In a city or company’s fight against climate change, these resilience processes target a maximum number of objectives, including preserving the economy and biodiversity, reducing carbon footprints, the equity and solidarity of residents, welcoming migrants … “As such, resilience covers every part of the system and should be considered as part of a wider holistic approach”.

A number of cities and regions have embodied this resilience. They include Detroit, Loos-en-Gohelle, and southern Alsace. To the others – hesitant, as fragile and destitute as they’ve ever been – they’re showing them the way.

“Resilience success stories”

Only one field trip was planned as part of the COP21 conference back in 2015, the visit of 1,000 heads of state and decision makers from across the globe to Loos-en-Gohelle, a small rundown town in Nord-Pas-de-Calais, France, with a population of just 7,000. That same year, in eastern France’s Haut-Rhin region, Ungersheim and its 2,200 residents were the subject of a documentary, What Are We Waiting For? by Marie-Monique Robin. Archetypes of polluting industrial cities of the mid-20thcentury, making their living from extracting coal and potash respectively, the two towns would go on to become models of resilience and sustainable development in the 21st century.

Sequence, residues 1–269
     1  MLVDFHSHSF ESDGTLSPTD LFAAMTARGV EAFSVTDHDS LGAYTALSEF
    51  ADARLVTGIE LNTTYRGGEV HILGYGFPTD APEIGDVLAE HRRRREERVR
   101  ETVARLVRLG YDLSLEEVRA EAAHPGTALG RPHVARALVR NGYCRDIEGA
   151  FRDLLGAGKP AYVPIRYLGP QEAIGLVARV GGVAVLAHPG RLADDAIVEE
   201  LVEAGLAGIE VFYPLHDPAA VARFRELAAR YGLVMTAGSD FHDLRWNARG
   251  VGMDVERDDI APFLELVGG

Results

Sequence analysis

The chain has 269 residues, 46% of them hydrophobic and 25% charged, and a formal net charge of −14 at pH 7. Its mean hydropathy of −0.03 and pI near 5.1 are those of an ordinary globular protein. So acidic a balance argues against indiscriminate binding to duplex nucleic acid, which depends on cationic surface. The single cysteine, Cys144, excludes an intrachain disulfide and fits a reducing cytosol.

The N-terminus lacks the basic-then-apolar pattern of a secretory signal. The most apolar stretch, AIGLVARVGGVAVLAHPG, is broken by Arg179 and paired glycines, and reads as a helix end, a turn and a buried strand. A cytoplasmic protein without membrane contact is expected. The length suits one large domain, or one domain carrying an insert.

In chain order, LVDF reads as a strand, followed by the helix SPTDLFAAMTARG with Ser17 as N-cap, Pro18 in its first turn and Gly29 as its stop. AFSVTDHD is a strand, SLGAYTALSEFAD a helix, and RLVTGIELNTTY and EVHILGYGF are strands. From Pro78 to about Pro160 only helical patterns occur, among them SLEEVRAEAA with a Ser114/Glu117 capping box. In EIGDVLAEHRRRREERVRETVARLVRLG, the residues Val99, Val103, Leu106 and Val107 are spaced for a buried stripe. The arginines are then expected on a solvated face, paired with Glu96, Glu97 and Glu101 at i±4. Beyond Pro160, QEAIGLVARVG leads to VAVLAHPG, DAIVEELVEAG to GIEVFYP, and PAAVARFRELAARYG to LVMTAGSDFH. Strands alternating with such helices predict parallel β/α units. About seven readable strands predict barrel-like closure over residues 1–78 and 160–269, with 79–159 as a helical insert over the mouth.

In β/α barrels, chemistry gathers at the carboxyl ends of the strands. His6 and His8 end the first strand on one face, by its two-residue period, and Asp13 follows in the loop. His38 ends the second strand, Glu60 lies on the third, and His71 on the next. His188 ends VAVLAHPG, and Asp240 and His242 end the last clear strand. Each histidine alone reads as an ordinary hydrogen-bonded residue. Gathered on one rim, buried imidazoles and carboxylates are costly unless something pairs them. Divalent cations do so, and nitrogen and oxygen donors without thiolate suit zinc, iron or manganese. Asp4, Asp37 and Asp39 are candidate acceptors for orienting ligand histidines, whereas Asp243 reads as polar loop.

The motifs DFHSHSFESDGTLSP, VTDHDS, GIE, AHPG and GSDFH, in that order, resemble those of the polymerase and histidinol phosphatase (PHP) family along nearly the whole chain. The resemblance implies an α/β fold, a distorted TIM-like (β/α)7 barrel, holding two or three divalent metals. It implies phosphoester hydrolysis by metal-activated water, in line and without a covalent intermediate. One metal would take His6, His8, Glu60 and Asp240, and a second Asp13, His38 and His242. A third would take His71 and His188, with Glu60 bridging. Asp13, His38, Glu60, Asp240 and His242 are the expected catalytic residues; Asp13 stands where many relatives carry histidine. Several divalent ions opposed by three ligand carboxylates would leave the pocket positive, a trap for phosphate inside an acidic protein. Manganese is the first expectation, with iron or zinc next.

In the same way, in Kingersheim, another small town in the suburbs of Mulhouse in north-eastern France, Raphaël Glucksman and Diana Filippova would come to take inspiration from their initiatives, deciding to jointly develop the town’s public spaces in November 2018. Across the Atlantic, in Detroit, the beleaguered home of the auto industry, asphyxiated in 2010 by debt of some 18.5 billion dollars, the city has found a second wind in less than five years by providing for its own essential needs by itself.